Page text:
This interview was not supposed to be about COVID, but the overarching reality of daily life crept into the conversation with Amsterdam-based collector, curator, stylist, and designer Julien Rademaker. Speaking on a video call from his vibrant, terra cotta–coloured gallery in Amsterdam, Rademaker is at ease with his recent decision to open a physical location in the midst of continued lockdowns and restrictions on gatherings.
“You know, it’s such a beautiful space. And in Amsterdam, it’s quite hard to find a very, very nice space,” he laughs.
The founder of the mostly online Bisou gallery has recently decided to take an important step toward bringing his shows to the bricks-and-mortar realm. “I’m still on Instagram a lot, of course, just also physical now,” he explains.
Since November, he has had to be open only by appointment and for pickups, but he has big plans for his gallery, which overlooks Amsterdam’s docklands.
“The idea is for the place to change all the time,” he says. “Who knows where it’s going to go? I definitely want to do a show at some point, with weird furniture. Or I can do a tapestry show. I can do anything I want, basically, because I’m not just an art gallery.”
Rademaker rejects the idea of a gallery specializing in any one thing. “I started this because I wanted to sell stuff that I like and that I think is beautiful.”
His project is an amalgam of paintings, prints, objects, furniture, and sculptures he has accumulated over the years. His eye for surprising aesthetic pairings has been a constant throughout his career and seems like a natural next step following the success of his blog Gevonden op Marktplaats.
Rademaker, who initially trained as a graphic designer, started the blog in the early 2010s. He would scour the Dutch classified website Marktplaats, unearthing hidden gems and showing them off online, purely for the shared joys of collection and curation.
Over time, he built a collection of art objects and ephemera, which led to some commissions doing interior styling. His ever-expanding repertoire is his strongest asset for these projects, where he can let his intuitive use of unlikely combinations create surreal scenes. This passion has opened his repertoire into a successful interior design practice.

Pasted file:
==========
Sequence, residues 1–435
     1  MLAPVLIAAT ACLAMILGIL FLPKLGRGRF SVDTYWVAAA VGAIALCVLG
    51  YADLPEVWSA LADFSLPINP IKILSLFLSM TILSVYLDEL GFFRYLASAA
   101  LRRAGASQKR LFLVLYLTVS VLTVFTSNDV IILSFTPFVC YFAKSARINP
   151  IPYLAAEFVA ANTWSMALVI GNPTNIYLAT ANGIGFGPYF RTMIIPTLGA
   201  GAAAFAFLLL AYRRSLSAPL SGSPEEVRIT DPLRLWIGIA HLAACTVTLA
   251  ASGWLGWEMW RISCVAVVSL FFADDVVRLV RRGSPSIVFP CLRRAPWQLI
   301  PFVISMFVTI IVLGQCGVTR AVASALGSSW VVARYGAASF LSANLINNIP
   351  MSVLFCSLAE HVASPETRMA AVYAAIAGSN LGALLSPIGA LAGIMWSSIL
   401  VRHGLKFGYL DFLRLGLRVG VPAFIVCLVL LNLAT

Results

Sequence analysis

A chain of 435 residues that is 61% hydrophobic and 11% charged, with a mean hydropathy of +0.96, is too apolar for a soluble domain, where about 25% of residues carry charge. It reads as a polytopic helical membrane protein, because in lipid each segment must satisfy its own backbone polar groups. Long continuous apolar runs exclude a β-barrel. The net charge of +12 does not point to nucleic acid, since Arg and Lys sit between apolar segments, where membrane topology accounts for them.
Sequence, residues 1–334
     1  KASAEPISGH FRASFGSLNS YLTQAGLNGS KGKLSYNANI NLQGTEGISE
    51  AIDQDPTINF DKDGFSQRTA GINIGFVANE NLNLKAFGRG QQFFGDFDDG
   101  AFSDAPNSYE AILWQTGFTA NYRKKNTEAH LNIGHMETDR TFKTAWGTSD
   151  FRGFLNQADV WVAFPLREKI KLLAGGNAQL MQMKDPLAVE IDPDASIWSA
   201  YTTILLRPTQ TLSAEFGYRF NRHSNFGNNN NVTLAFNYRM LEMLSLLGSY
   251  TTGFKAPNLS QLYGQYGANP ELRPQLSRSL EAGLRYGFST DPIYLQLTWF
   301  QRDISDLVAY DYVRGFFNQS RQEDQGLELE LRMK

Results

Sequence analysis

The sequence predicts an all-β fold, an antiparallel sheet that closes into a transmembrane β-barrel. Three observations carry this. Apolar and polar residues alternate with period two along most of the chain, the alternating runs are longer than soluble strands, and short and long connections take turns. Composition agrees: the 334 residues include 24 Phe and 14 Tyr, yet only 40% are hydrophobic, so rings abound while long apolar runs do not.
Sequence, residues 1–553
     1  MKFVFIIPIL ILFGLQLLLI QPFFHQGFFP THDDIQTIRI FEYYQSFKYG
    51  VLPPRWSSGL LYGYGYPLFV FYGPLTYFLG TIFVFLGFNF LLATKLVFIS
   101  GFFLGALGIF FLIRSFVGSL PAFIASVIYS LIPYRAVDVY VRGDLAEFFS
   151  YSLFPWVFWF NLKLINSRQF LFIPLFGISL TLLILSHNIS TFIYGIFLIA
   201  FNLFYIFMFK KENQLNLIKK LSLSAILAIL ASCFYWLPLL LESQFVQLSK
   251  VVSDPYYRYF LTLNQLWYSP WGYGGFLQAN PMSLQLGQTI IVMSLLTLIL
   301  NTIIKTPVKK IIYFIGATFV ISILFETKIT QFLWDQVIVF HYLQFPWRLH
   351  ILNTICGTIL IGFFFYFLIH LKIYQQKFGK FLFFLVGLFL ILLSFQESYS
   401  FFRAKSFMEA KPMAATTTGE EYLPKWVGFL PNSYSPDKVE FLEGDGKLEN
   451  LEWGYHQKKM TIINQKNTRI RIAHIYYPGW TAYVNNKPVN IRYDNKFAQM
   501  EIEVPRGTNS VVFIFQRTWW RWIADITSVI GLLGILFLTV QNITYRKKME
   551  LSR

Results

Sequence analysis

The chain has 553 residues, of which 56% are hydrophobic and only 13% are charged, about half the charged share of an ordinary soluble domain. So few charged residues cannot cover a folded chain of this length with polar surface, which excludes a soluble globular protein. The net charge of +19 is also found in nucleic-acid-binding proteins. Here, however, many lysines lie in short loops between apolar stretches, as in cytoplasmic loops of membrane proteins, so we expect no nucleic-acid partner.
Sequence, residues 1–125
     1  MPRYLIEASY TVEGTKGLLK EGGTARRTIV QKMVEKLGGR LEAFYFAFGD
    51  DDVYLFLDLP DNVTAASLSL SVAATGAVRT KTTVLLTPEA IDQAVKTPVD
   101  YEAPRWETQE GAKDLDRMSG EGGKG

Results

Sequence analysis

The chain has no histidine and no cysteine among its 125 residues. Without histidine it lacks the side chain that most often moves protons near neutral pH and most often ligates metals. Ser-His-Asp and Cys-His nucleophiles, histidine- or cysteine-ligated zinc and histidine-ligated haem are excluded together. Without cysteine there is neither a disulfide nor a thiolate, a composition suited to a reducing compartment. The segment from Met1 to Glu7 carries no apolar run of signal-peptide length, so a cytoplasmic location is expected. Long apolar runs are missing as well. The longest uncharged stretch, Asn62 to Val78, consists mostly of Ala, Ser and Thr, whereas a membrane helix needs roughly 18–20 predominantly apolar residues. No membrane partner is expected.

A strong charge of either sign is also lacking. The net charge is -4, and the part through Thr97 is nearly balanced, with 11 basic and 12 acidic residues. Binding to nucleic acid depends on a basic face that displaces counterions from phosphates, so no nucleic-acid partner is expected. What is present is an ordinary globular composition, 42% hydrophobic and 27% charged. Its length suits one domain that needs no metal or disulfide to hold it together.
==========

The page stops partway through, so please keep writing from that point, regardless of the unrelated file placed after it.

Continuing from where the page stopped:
He also spun off Gevonden op Marktplaats into a series of physical pop-ups to actually sell items, which he calls “salons.”
“For the stores, I have the chance to, you know, put everything together and kind of mix it and see how all these different styles come together,” he observes.
His recent work ranges in scale from a tiny natural wine store completed for friends to the styling of the Amsterdam offices of Sony Music, completed in collaboration with local firm Space Encounters.
For the wine store Troppo Giovane, he developed a custom paint colour, working with a mixer to create a deep red that contrasts with the green floors and turquoise ceilings. “I was a little bit influenced by the ’70s, I would say. But also an Italian villa,” he says.
The wines are displayed on farmhouse-style shelving along the back wall. In the centre of the space, a dining table seems to be waiting for customers to open a bottle and have a seat amongst friends.
Even through his growing success, he has never left Marktplaats, and his explorations led him toward collecting and curating when he discovered two prints from the Japanese artist Kumi Sugai on the website. “It started off, for me, with buying two pieces and selling one. And it went on from there. I only sell what I have more than one of,” he says. “ But now I have, like, 150 pieces myself, so I’d like to sell more. It’s an obsession, I guess.”
Kumi Sugai now makes up roughly three-quarters of Bisou’s collection. The artist’s bold geometric shapes and colours match Rademaker’s eclectic taste.
“Markplaats always helped me keep an open mind towards stuff that a lot of dealers overlook. For me, it’s much more interesting to find stuff that nobody knows, and that’s also very good. And you can, like, adopt it”.
Rademaker looks forward to opening his gallery once it is safe to do so, and to continue pairing the weird and wonderful things he finds along the way.
“It’s easy to find stuff that people already know. But it gets interesting when you find something that actually no one knows about, and you can still put it in a gallery and see what it looks like,” he says. “Maybe we don’t know who made it; maybe it’s not thousands of euros. But it’s still equally interesting as a form, as a piece, whether it’s art, furniture, ceramics, whatever. That’s what I always want to do.”